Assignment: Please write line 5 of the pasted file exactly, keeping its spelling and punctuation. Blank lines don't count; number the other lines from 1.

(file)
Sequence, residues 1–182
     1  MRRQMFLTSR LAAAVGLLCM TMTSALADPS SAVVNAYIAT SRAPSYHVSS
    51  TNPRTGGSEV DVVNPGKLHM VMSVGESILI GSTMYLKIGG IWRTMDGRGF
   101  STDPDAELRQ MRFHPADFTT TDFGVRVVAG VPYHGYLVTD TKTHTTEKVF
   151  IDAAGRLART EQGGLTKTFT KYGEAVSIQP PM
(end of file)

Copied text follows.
   151  IDAAGRLART EQGGLTKTFT KYGEAVSIQP PM